When the Phillies broke camp in March an NL scout had a grim view of Ryne Sandberg’s team.
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“It doesn’t look good," the scout said. "They can’t hit. They’re old. Chase Utley had his worst spring training ever. Cole Hamels is out for the first month. They might be the worst team in the league. They could be pretty far back in May.”
Well, May has arrived and the Phillies are at .500, just four games behind the division leading Atlanta Braves, who have the second best record in the MLB. Sure, a pessimist can say the Phillies are just a half-game ahead of the last-place Marlins -- but there is hope.
Jimmy Rollins was right, as usual, with his proclamations when he uttered ‘who cares’ when asked about poor spring training numbers. Chase Utley looked like he was on the decline since he couldn’t drive the ball or do much anything else with the bat during spring training.
However, when the season started he flipped a switch and put up player of the month worthy numbers. Not only is Utley hitting .355 with a .978 OPS, nearly half of his 33 hits are for extra bases. Utley already has 11 doubles. Only six players in the game have a higher WAR than Utley’s 1.4.
“You don’t have to worry about Chase,” Jimmy Rollins said. “Anybody that thought what they saw in spring training was going to spill over to the regular season doesn’t know baseball. I’m not surprised at all about Chase.”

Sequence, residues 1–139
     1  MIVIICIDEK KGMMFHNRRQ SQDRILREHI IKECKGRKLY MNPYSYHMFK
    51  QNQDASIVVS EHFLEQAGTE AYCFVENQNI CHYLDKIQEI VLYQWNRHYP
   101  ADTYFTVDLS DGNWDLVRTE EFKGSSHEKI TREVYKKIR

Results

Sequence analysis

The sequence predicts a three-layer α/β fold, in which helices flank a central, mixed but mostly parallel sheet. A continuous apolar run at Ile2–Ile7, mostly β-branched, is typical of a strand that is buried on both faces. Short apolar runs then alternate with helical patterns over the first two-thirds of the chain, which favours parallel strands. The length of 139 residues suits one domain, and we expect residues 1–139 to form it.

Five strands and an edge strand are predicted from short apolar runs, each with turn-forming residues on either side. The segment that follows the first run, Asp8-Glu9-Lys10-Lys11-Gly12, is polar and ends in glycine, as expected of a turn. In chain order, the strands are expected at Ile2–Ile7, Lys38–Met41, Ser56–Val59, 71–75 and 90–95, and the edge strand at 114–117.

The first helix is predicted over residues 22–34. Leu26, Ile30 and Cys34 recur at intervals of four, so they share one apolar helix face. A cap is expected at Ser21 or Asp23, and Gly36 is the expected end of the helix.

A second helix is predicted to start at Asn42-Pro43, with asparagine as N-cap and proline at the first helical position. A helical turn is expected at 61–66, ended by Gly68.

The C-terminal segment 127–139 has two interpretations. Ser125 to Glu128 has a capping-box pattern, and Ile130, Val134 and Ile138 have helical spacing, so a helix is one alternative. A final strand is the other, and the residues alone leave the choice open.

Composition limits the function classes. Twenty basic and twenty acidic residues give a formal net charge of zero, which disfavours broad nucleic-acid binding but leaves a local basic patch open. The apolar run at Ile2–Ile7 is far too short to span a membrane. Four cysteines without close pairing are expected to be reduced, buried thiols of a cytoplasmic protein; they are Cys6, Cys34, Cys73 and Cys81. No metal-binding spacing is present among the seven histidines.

Some may be surprised one month into the season that the Phillies core four, Utley, Rollins, Ryan Howard and Carlos Ruiz, aren’t just healthy but they’re also productive.
With the return of Hamels, the rotation is a strength. If Hamels, Lee and Burnett can go deep in games, that can only help a beleagured bullpen.
The bullpen isn’t the only issue. The Phillies have received scant contributions from its third baseman. The .160 average and .478 OPS from the hot corner is beyond anemic. Cody Asche has pressed and struggled. Freddy Galvis is simply overmatched at the plate (an unfathomable .033 average and a .124 OPS) and Jayson Nix is a virtual non-entity.
The Phillies hope to get increased production from third and from Domonic Brown. The enigmatic leftfielder has middling numbers (.253 average, .630 OPS) and his absence of power hasn’t helped the team.
“I’m going to do my best to pick it up,” Brown said. “It’s a long season.”
However, it looked like it could have been much worse a month ago as the Phillies flew to Texas to start the season.
“Don’t underestimate the Phillies,” Braves manager Freddi Gonzalez said. “If their guys stay healthy this season, they’re going to be right in it. It would be foolish to take them lightly.”
Thanks to the rain, the Phillies’ big three, Cliff Lee, A.J. Burnett and Cole Hamels, will pitch against the Washington Nationals. Lee will face Stephen Strasburg Friday night. The weather also gives the Phillies much maligned bullpen some rest.
Is Reading reliever Kenny Giles inching his way toward the majors?
In 12 innings, the 23-year old righthander with the 100 mph fastball, has allowed only seven hits and one earned run. He has struck out 24 but has only walked three.
The Phillies bullpen, which possesses a league worst 4.84 ERA could use help, but expect the Phillies to test Giles in AAA before there’s a big league promotion.